Saffron is basically considered as a spice which is derived from a flower whose scientific name is Crocus Sativus. It is a delicate purple coloured flower whose stigmas are dried to extract the spice. It is cultivated once in a year. saffron has been used for thousands of years as a seasoning, fragrance, dye, and medicine. The stigmas of the flower are harvested and processed by hand which is very labor intensive and the reason why Saffron is considered the world’s most expensive spice.

High-quality saffron comes from the regions of the world where saffron grows naturally. This is why Persian Saffron  is always high on the list. There are different types of saffron. The highest quality saffron is all red saffron and a subtype called negin grade saffron. The latter is considered to be premium quality saffron where the threads form a red cluster. A lot of work and skills are needed to produce negin saffron.

 

Every serious saffron manufacturer states the type and grade of saffron. If you see that the saffron threads have yellow-white ends, it means that the manufacturer is trying to add some weight. These parts of the stigma are still aromatic but they don’t add any color.

 

The Right Climate for Cultivation 

The best saffron is cultivated in countries with a suitable climate for the saffron flower to grow. The latter likes cold, wet winters, hot summers, and sandy soil. Saffron grows well in such counties as Iran, India, Afghanistan, Spain, Portugal, Greece, Morocco, etc.

Perfectly Dried Saffron

High-quality saffron is perfectly dried saffron. After harvesting, saffron threads should be dried to the perfect degree. They shouldn’t be moist but shouldn’t be roasted either. Once dried, saffron should be properly packaged and stored. Hardly will you find high-quality saffron sold in an ordinary plastic spice jar.

 

How to Test the Quality of Saffron?

Not all saffron brands sell high-quality saffron. As there are brands on the market that sell fake saffron, it is best to buy it from trusted manufacturers. If you have already bought saffron, here is how to tell if it is real high-quality saffron or not.

  • Smell it. Fake saffron doesn’t have a distinct smell. Real saffron, on the other hand, has a unique aroma with sweet notes. It also smells somewhat musky and floral.
  • Taste it. Although saffron is a very aromatic spice, it doesn’t have a distinct taste. It is slightly sweet, floral, and bitter all at the same time. If your saffron tastes overly sweet or metallic, it is either fake or very low-quality.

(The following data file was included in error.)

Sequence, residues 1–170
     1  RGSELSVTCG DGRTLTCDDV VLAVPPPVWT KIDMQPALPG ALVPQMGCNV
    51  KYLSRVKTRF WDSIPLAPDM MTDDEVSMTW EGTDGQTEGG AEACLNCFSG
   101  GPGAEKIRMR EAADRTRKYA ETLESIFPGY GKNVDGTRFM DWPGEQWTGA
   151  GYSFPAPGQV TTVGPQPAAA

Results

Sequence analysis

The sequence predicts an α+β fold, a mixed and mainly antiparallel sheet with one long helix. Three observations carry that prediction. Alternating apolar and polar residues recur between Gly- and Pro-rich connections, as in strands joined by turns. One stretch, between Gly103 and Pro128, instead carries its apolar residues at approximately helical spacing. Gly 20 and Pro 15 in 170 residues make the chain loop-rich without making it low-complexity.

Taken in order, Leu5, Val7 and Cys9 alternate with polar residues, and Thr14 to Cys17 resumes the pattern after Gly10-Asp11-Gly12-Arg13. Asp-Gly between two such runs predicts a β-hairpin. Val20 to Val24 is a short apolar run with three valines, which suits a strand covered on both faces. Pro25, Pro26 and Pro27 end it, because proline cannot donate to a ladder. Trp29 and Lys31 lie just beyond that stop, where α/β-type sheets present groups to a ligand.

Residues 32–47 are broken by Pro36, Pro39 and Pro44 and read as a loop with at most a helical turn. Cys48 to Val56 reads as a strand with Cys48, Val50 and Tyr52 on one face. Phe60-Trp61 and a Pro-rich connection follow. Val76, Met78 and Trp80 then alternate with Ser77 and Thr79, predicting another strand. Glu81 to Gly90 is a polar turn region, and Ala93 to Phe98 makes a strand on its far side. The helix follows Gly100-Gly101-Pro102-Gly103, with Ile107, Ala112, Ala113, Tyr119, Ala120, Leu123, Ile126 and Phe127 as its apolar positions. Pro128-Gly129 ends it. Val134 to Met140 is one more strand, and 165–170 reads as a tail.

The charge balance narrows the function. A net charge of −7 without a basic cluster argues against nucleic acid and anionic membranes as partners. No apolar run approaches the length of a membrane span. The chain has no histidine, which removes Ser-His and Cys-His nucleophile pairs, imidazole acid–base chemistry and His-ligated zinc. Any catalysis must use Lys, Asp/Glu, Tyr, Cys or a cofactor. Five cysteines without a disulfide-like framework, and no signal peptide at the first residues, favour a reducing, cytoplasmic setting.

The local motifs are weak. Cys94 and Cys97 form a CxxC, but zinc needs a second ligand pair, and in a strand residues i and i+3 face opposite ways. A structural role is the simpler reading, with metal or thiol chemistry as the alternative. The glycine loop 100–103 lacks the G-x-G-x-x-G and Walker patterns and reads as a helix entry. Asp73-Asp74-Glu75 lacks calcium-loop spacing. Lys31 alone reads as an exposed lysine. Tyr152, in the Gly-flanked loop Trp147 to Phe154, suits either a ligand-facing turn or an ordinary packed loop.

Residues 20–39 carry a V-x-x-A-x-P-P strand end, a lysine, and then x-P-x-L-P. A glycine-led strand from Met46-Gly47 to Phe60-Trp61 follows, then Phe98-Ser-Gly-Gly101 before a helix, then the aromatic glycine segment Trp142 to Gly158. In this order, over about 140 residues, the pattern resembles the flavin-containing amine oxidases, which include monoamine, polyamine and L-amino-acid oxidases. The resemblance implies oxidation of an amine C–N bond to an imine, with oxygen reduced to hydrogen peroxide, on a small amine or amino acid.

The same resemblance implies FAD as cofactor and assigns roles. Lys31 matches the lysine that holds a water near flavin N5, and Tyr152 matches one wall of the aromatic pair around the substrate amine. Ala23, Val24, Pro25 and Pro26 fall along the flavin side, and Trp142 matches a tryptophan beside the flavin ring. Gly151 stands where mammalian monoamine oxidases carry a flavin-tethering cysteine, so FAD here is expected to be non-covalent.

Is saffron useful in Cosmetics industry?

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Will saffron make baby fair?

Pregnancy is a very crucial stage in a woman’s life and it is also a period when one comes across several myths regarding the diet to be followed in their quest to know more and ensure healthy beautiful baby. It is always recommended to consult your doctor before you add or make any changes to your diet. Using Saffron is one of the most commonly recommended dietary intake by elders during pregnancy.

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Is Saffron good for depression?

Depression and anxiety are two common mental health problems with high economic and social costs. Currently, a number of treatments are available for patients with depression and anxiety disorders such as psychotherapyelectroconvulsive therapy and antidepressant drugs. Read more

What is the saffron Stigma?

Saffron is the most expensive and the only agriculture product that is sold by the weight of per gram, it has its own importance among agriculture products, its importance is due to its limited need to water, once harvested it can be cultivated from five to seven years, can be harvested infertile land, can easily […]

What is saffron powder?

What is Saffron Powder? Saffron is the most expensive spice in the world because each blossom produces only three stigmas, which are laboriously hand harvested during the three weeks a year that the flower blooms. For more than forty centuries, Saffron has been used in many cultures: as a medicine, for the care of facial […]

The price of saffron will be increased by 100%

These days, the issue of saffron pricing is hot in Iran. With the start of the new saffron harvest season, the issue of determining the price of saffron has received too much attention. The problems and concerns of farmers in the last one or two years have caused the members of the Iranian Parliament, the Saffron Union and the National Saffron Council to intervene in pricing. In the recent meeting of these representatives, the price of saffron for the new season was determined as follows: